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Grabbed a bit of biking in the fitness center, washed up, and headed by city bus to Oakwood, a retirement complex on the west side of town, to visit one of my Ph.D. advisers, Professor John Fraser Hart, and his wife Meredith.  Now in their 90s but still vital, we had a nice visit, and an ample Sunday dinner in the dining room.  A nice visit, a small way to recognize a man who helped me improve my writing skills, something that has served me throughout my career.  It was good to see them.  Back at Union South, the second presidential debate was underway, students jeering at Orange Hair.

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Up way before dawn Monday morning, onto the fitness-center bike, then to breakfast with my UW host, a wonderful fellow, Jan Heide.  We got caught up over eggs and coffee, walked to the business school, and I delivered two back-to-back lectures to his first-year MBA students.  In previous years I was done at noon, but instead of heading back to the hotel I walked two blocks to Science Hall, a massive, red-brick Victorian building that has been home to the university’s highly regarded Geography Department for decades.  A couple of years ago I made contact with the department chair, Lisa, and offered to give a talk; in 2016 it happened, an informal lunchtime yak with eight students about job prospects in applied geography.  It was my first preso in a geography department in 31 years!

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Samples of student work from the Introduction to Cartography class; when I taught that course at Minnesota in 1978-79, we only used India ink and paper!

Picked up a two-wheeler from Madison’s bikeshare system ($6 for 24 hours), rode back to the hotel, took off my suit, ate two pieces of cold pizza from the geographers, and grabbed a quick nap.  At three I got back on the red bike and started a series of short rides (if each ride is under 30 minutes it’s free) around Madison.  I know the city pretty well now, so zoomed around familiar parts of town – the shores of lakes Mendota and Monona, around campus, and more.

 

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On the shore of Lake Mendota, aboard the BCycle shared bike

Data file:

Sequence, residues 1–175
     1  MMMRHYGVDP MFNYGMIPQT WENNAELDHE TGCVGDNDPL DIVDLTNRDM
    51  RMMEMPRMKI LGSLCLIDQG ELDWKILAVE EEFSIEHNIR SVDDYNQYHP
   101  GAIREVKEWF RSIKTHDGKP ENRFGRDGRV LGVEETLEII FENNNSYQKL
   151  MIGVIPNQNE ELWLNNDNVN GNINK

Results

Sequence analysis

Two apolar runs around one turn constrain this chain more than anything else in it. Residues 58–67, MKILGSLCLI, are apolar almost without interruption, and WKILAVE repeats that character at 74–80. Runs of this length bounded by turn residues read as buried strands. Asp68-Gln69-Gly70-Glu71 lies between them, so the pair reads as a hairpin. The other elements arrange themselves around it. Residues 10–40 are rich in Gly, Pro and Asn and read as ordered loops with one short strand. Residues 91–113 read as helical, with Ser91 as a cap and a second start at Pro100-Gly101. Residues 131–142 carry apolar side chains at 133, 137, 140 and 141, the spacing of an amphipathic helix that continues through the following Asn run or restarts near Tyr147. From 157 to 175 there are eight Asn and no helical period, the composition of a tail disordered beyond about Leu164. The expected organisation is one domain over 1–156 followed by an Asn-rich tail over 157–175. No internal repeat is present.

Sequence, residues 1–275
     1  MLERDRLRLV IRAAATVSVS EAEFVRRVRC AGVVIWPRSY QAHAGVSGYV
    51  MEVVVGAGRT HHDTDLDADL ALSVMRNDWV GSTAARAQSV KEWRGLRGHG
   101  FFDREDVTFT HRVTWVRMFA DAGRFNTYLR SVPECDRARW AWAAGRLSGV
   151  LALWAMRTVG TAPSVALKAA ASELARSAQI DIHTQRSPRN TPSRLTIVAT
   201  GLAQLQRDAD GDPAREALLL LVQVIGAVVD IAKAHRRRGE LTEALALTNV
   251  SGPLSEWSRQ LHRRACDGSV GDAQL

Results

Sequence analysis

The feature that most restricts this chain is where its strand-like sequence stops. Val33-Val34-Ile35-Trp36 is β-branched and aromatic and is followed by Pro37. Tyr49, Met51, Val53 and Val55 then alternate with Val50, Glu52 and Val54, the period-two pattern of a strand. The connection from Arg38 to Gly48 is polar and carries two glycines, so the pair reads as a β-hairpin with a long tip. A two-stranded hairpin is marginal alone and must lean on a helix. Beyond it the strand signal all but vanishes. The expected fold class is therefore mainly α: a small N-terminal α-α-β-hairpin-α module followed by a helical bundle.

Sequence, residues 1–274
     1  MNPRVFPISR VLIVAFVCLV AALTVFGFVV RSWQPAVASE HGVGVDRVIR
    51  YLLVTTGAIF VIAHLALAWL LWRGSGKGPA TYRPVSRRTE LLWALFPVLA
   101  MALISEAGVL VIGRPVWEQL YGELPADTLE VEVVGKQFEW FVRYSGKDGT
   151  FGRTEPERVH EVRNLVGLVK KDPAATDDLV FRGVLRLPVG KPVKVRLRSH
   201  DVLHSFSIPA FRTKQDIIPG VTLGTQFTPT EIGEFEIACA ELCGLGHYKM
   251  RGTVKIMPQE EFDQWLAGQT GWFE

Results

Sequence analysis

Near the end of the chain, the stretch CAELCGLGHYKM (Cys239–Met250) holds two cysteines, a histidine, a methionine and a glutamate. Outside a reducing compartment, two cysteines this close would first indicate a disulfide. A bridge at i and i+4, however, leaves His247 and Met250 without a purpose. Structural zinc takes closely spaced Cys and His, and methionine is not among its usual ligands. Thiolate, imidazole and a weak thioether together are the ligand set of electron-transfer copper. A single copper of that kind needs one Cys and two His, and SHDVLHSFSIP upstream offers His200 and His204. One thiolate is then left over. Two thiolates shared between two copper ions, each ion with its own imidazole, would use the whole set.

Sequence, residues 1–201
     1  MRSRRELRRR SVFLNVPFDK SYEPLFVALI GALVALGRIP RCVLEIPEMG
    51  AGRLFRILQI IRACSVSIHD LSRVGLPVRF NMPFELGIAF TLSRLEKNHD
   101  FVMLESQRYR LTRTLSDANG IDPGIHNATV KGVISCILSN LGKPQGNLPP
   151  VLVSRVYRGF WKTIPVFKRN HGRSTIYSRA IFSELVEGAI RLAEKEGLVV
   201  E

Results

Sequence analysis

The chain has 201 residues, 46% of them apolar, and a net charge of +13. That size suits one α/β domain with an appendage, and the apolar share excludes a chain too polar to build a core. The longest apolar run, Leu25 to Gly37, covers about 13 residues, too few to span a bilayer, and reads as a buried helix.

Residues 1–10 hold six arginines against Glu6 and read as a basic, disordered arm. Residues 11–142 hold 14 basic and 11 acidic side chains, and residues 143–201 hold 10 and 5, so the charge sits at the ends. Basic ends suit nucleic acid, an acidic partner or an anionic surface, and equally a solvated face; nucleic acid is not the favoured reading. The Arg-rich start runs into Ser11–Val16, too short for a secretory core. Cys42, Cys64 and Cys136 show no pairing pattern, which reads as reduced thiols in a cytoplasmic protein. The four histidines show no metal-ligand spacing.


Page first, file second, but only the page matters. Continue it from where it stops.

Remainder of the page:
At five I rode over to the Wisconsin Memorial (student) Union and their wonderful, recently enlarged terrace on Lake Mendota, for a beer.  Had a nice T-t-S with a Turkish grad student at the University of Kansas, working on a Ph.D. in astrophysics.  He’s studying the collision of galaxies, out there 5.5 billion light-years.  Whew, rarefied stuff.  Back on earth, we talked about recent developments in his homeland, Syria, job prospects, and more.  A nice yak.  At six I met Jan for dinner at Dotty Dumpling’s Dowry, a famous burger joint.  More good chatter.  Then back to the hotel and a hard sleep.  Thirty miles on bikes, three talks, plumb wore out.

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Penny, a Welsh Springer Spaniel; UW is studying a canine disease similar to MS in people; because it only affects male dogs of this breed, females like Penny are available for adoption

Tuesday morning was up and on the fitness bike, then breakfast with Dan Smith, former dairy farmer and great guy.  Rode the red shared bike around town a bit, circling the wonderful state capitol and stopping to buy a red UW T-shirt.  Just after noon I delivered a talk to undergrad HR students, then biked over to the Babcock Hall Dairy Store for a liquid lunch: large chocolate malt from university-made ice cream – in America’s Dairyland, UW plays a major role in improving the science of cows and all the good things they give us.  I raised my glass to those marvelous animals!  Finished the visit with a second talk to undergrads, headed to the hotel, took a short nap, and worked a bit.

 

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The Babcock Hall ice-cream plant

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No lake view, but still pleasant: the terrace at Union South; the colorful metal chairs and tables are a UW union tradition

At 5:30, I ambled downstairs, grabbed a beer and sat on the terrace of Union South – a pleasant place, but not on the lake like the main student union.  Read stuff on my iPhone, and at 6:40 met Jan and Maria Heide for dinner.  We motored across town to Sardine, right on Lake Monona, for a colossal dinner and nice yak.  They are fine people.

Up in the morning dark, out to the airport, and flew home via Chicago, dogs out for a good walk by noon.